Gardai in Kerry say they want to clamp down on 'lamping rabbits' and have issued an appeal to the public, particularly elderly people in rural areas, to report sightings.
Those who were genuinely trying to get rabbits need have nothing to fear and would have no problem with Gardai approaching them, the Gardai said.
Lamping of rabbits takes place at night and involves lurcher dogs and is conducted under cover of darkness. Winter, with its long evenings, is a peak time for it.
A meeting between senior Gardaí, farmers concerned about interference with fencing and livestock, as well as official hare coursing representatives, took place in Tralee some months ago amid concern that some of those involved were interfering with livestock, wildlife and may have intentions other than seeking out rabbits with torches.
Gardai say it is “an opportunistic activity” in that it provides an excuse for people to trespass onto lands, allowing some to use the excuse they were looking for their dog.
“It gives people good scope to look around,” Garda Marcus Twomey of Tralee Gardaí said.
“We question the motives of some of the individuals involved in this,” Garda Twomey said.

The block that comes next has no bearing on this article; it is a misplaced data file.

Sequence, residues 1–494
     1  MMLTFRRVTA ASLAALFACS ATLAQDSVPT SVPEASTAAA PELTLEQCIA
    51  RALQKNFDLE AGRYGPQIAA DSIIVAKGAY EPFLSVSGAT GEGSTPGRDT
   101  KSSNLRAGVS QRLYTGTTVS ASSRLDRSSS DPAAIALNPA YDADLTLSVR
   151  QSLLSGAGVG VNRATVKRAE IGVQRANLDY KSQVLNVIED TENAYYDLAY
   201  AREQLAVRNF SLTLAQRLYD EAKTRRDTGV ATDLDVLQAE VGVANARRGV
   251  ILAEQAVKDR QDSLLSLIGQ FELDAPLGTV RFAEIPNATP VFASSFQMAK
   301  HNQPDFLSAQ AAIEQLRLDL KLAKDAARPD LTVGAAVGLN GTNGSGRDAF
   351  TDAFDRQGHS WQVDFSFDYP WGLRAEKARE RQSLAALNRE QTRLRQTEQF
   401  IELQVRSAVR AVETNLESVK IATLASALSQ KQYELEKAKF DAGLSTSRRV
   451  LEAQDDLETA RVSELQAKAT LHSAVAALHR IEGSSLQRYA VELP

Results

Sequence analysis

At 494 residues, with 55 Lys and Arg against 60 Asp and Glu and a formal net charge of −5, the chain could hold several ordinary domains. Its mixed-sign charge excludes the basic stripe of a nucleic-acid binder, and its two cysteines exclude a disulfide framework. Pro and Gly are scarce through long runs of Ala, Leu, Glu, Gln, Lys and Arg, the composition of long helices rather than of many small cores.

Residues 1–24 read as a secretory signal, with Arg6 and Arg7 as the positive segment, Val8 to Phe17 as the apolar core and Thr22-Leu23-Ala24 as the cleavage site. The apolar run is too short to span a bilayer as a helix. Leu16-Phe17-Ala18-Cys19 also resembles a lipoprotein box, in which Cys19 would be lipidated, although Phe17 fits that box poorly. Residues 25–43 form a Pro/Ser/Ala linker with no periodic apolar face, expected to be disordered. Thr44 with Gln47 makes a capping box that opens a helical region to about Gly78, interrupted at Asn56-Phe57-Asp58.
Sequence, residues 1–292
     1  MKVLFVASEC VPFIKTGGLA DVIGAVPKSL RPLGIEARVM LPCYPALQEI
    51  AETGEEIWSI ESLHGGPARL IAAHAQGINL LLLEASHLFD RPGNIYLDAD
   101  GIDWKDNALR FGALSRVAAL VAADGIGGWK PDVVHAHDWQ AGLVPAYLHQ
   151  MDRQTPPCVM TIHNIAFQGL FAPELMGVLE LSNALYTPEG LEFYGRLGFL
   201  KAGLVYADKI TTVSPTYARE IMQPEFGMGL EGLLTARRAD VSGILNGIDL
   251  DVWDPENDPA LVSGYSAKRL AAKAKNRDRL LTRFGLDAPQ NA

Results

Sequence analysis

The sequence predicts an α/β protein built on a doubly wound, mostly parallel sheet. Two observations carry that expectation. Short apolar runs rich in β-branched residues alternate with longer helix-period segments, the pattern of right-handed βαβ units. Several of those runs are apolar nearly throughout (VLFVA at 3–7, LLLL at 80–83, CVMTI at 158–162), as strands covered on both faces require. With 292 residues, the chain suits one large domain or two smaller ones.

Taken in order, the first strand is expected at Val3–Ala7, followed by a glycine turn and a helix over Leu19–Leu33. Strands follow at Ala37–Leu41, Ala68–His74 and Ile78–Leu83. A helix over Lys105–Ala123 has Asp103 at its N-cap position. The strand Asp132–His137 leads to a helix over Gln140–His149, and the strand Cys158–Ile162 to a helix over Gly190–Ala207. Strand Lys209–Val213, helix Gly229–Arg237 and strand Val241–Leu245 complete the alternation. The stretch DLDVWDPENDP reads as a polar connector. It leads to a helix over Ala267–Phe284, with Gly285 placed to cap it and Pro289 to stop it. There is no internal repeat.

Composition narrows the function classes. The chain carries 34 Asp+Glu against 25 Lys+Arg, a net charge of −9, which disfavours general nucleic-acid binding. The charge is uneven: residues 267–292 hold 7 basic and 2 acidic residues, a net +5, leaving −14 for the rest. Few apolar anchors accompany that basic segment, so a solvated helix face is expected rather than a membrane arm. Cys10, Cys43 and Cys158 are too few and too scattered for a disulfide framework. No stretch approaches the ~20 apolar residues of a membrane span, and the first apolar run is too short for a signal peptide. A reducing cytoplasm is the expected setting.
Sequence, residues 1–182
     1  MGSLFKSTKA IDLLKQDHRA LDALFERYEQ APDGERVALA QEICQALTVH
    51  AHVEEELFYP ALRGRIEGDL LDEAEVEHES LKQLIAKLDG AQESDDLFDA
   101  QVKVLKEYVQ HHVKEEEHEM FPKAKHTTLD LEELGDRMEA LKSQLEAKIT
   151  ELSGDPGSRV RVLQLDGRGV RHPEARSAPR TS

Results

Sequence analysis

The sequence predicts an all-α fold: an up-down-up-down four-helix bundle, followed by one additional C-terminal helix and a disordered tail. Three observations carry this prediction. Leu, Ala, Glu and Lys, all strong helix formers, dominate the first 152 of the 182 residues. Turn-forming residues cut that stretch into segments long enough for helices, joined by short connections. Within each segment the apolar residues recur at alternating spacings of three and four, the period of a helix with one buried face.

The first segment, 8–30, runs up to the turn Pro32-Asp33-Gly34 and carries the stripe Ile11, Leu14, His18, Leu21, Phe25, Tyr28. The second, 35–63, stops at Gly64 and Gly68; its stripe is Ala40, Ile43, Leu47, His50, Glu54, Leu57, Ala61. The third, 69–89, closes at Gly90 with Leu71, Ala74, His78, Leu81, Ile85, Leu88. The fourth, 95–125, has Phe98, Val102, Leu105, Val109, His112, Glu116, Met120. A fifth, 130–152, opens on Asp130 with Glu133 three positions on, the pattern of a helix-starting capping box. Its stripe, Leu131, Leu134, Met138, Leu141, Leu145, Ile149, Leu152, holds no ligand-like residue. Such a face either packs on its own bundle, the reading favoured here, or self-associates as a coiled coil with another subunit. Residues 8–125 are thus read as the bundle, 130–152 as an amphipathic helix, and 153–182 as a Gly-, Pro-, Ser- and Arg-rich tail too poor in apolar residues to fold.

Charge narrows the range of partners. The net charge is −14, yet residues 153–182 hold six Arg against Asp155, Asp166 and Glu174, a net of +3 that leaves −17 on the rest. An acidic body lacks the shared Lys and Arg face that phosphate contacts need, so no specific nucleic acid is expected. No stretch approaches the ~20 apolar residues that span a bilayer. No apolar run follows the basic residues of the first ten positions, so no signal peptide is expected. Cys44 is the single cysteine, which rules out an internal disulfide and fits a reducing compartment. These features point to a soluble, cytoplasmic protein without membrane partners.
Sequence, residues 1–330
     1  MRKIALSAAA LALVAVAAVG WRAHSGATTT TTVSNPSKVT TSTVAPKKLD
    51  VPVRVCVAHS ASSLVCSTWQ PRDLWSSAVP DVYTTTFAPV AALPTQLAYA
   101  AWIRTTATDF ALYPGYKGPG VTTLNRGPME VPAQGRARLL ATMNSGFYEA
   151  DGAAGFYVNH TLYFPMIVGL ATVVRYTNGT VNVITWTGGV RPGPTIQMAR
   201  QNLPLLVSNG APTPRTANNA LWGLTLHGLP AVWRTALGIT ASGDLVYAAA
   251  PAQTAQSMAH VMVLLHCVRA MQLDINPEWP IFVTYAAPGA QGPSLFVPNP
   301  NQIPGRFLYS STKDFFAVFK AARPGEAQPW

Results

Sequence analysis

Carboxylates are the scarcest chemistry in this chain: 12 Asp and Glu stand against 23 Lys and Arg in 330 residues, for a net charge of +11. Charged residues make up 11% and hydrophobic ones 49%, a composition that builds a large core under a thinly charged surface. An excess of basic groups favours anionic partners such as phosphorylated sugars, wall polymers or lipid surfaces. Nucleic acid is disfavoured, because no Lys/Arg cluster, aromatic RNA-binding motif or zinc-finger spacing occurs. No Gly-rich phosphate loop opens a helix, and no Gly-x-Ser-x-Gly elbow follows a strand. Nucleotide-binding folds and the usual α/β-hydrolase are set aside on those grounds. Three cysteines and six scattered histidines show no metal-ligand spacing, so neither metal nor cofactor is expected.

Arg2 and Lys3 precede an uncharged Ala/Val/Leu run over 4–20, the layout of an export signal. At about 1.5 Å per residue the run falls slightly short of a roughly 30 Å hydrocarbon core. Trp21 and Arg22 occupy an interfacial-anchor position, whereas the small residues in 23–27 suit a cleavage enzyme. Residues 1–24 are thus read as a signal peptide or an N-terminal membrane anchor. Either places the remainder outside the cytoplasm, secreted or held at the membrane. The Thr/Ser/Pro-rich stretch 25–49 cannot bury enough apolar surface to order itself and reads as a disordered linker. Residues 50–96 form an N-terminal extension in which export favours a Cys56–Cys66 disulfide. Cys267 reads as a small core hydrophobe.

Rabbit lamping was particularly popular in north Kerry, he added.
Gardai wanted to highlight this activity that was on going, but may not be not widely known. There had been a number of sightings in recent weeks and Gardai wanted to take a look at it.
“It’s an activity we want to keep an eye on. We want to clamp down on,” the Garda said during the regular Garda information appeal on Radio Kerry this week.
He urged the public to report it to Tralee Gardai or any Garda station, saying that anyone who is genuinely looking for rabbits would have no problem with being approached by gardai.
Much of the pursuit of rabbits takes place in the early hours.
If people wanted to make statements, the Gardai were willing to take it on, he said, adding that an offence of trespass could be dealt with under the Public Order Act. The wildlife act could also be invoked if protected animals (rabbits are not protected) were being targeted.
Deer associations have said that lamping rabbits can sometimes be a guise for poaching.
Superintendent Dan Keane of Listowel Gardai said a meeting, which included the Superintendent in Tralee, Jim O’Connor, and IFA representatives and officials from coursing organisations, took place amid concerns about damage to land and fences and suspicion that some of those involved might be up to other activity.